The aim of this study was to determine to what extent mobility performance is influenced by offensive or defensive situations and ball possession and to what extent these actions are different for the field positions. From video analysis, the relative duration of the various wheelchair movements during team offense/defense and individual ball possession was compared in 56 elite wheelchair basketball players. A two-way analysis of variance indicated that during offense, the guards and forwards performed longer driving forward than during defense. Overall, centers stood still longer during offense than during defense. Without ball, centers performed driving forward longer than with ball possession. It is concluded that offense, defense, and ball possession influenced mobility performance for the different field positions. These differences can be used to design specific training protocols. Furthermore, field positions require potentially different specific wheelchair configurations to improve performance.
Annemarie M.H. de Witte, Monique A.M. Berger, Marco J.M. Hoozemans, Dirkjan H.E.J. Veeger and Lucas H.V. van der Woude
Rienk M.A. van der Slikke, Annemarie M.H. de Witte, Monique A.M. Berger, Daan J.J. Bregman and Dirk Jan H.E.J. Veeger
Purpose: To provide insight on the effect of wheelchair settings on wheelchair mobility performance (WMP). Methods: Twenty elite wheelchair basketball athletes of low (n = 10) and high classification (n = 10) were tested in a wheelchair-basketball-directed field test. Athletes performed the test in their own wheelchairs, which were modified for 5 additional conditions regarding seat height (high–low), mass (central–distributed), and grip. The previously developed inertial-sensor-based WMP monitor was used to extract wheelchair kinematics in all conditions. Results: Adding mass showed most effect on WMP, with a reduced average acceleration across all activities. Once distributed, additional mass also reduced maximal rotational speed and rotational acceleration. Elevating seat height had an effect on several performance aspects in sprinting and turning, whereas lowering seat height influenced performance minimally. Increased rim grip did not alter performance. No differences in response were evident between low- and high-classified athletes. Conclusions: The WMP monitor showed sensitivity to detect performance differences due to the small changes in wheelchair configuration. Distributed additional mass had the most effect on WMP, whereas additional grip had the least effect of conditions tested. Performance effects appear similar for both low- and high-classified athletes. Athletes, coaches, and wheelchair experts are provided with insight into the performance effect of key wheelchair settings, and they are offered a proven sensitive method to apply in sport practice, in their search for the best wheelchair–athlete combination.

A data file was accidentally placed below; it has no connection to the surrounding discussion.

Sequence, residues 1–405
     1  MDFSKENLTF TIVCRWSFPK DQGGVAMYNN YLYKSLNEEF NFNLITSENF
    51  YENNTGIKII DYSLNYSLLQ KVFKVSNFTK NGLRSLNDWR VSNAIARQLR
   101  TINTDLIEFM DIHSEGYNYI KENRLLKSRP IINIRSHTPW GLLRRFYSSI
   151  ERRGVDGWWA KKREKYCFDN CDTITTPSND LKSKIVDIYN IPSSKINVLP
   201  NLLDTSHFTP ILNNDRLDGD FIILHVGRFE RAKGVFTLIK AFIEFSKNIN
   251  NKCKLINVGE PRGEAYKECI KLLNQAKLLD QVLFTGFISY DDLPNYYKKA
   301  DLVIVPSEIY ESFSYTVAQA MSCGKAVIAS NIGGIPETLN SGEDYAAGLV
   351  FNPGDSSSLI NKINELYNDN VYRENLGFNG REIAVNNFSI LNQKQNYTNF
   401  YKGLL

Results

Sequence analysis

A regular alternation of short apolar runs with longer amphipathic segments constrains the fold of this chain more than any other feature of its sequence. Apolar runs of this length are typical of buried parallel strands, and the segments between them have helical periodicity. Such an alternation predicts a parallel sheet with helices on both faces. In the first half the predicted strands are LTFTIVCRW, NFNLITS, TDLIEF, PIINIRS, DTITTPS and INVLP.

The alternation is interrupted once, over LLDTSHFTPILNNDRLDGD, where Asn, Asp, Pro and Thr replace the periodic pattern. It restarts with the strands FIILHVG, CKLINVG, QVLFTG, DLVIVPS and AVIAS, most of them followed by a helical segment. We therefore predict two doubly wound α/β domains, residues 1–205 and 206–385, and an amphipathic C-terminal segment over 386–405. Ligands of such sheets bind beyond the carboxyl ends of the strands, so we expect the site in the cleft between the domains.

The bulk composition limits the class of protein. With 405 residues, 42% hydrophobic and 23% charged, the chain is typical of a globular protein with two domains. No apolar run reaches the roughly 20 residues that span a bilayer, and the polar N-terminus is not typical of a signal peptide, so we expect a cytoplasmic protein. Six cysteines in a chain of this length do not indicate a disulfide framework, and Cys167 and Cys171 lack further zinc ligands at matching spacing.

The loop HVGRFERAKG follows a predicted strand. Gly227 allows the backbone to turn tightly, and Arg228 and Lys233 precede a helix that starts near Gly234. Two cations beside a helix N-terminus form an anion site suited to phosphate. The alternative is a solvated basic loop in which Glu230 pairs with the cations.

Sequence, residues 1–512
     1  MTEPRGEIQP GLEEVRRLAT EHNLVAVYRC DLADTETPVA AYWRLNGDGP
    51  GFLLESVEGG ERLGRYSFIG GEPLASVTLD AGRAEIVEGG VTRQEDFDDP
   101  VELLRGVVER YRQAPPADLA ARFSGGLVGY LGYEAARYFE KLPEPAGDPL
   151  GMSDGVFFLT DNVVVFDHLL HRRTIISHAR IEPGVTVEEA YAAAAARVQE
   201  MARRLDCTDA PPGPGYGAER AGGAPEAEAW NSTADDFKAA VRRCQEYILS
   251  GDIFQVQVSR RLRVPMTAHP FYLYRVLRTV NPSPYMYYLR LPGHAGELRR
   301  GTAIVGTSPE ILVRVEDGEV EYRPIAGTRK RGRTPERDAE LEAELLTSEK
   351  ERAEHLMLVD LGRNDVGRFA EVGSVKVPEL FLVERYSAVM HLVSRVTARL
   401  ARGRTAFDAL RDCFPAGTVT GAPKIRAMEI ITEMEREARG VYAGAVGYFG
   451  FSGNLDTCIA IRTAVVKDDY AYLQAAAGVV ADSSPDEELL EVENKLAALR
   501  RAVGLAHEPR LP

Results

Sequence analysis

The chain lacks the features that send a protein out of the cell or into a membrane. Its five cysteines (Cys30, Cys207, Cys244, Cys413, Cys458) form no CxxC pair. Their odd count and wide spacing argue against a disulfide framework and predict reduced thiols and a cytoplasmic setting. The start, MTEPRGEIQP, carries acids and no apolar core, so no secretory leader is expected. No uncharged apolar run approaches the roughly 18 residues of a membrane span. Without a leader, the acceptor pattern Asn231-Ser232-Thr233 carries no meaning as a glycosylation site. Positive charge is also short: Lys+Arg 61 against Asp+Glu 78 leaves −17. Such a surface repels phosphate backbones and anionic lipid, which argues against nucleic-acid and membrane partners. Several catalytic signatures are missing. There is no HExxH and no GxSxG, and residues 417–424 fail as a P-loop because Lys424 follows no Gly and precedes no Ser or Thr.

Rienk M.A. van der Slikke, Daan J.J. Bregman, Monique A.M. Berger, Annemarie M.H. de Witte and Dirk-Jan (H.) E.J. Veeger
Purpose: Classification is a defining factor for competition in wheelchair sports, but it is a delicate and time-consuming process with often questionable validity. New inertial sensor-based measurement methods applied in match play and field tests allow for more precise and objective estimates of the impairment effect on wheelchair-mobility performance. The aim of the present research was to evaluate whether these measures could offer an alternative point of view for classification. Methods: Six standard wheelchair-mobility performance outcomes of different classification groups were measured in match play (n = 29), as well as best possible performance in a field test (n = 47). Results: In match results, a clear relationship between classification and performance level is shown, with increased performance outcomes in each adjacent higher-classification group. Three outcomes differed significantly between the low- and mid-classified groups, and 1, between the mid- and high-classified groups. In best performance (field test), there was a split between the low- and mid-classified groups (5 out of 6 outcomes differed significantly) but hardly any difference between the mid- and high-classified groups. This observed split was confirmed by cluster analysis, revealing the existence of only 2 performance-based clusters. Conclusions: The use of inertial sensor technology to obtain objective measures of wheelchair-mobility performance, combined with a standardized field test, produced alternative views for evidence-based classification. The results of this approach provide arguments for a reduced number of classes in wheelchair basketball. Future use of inertial sensors in match play and field testing could enhance evaluation of classification guidelines, as well as individual athlete performance.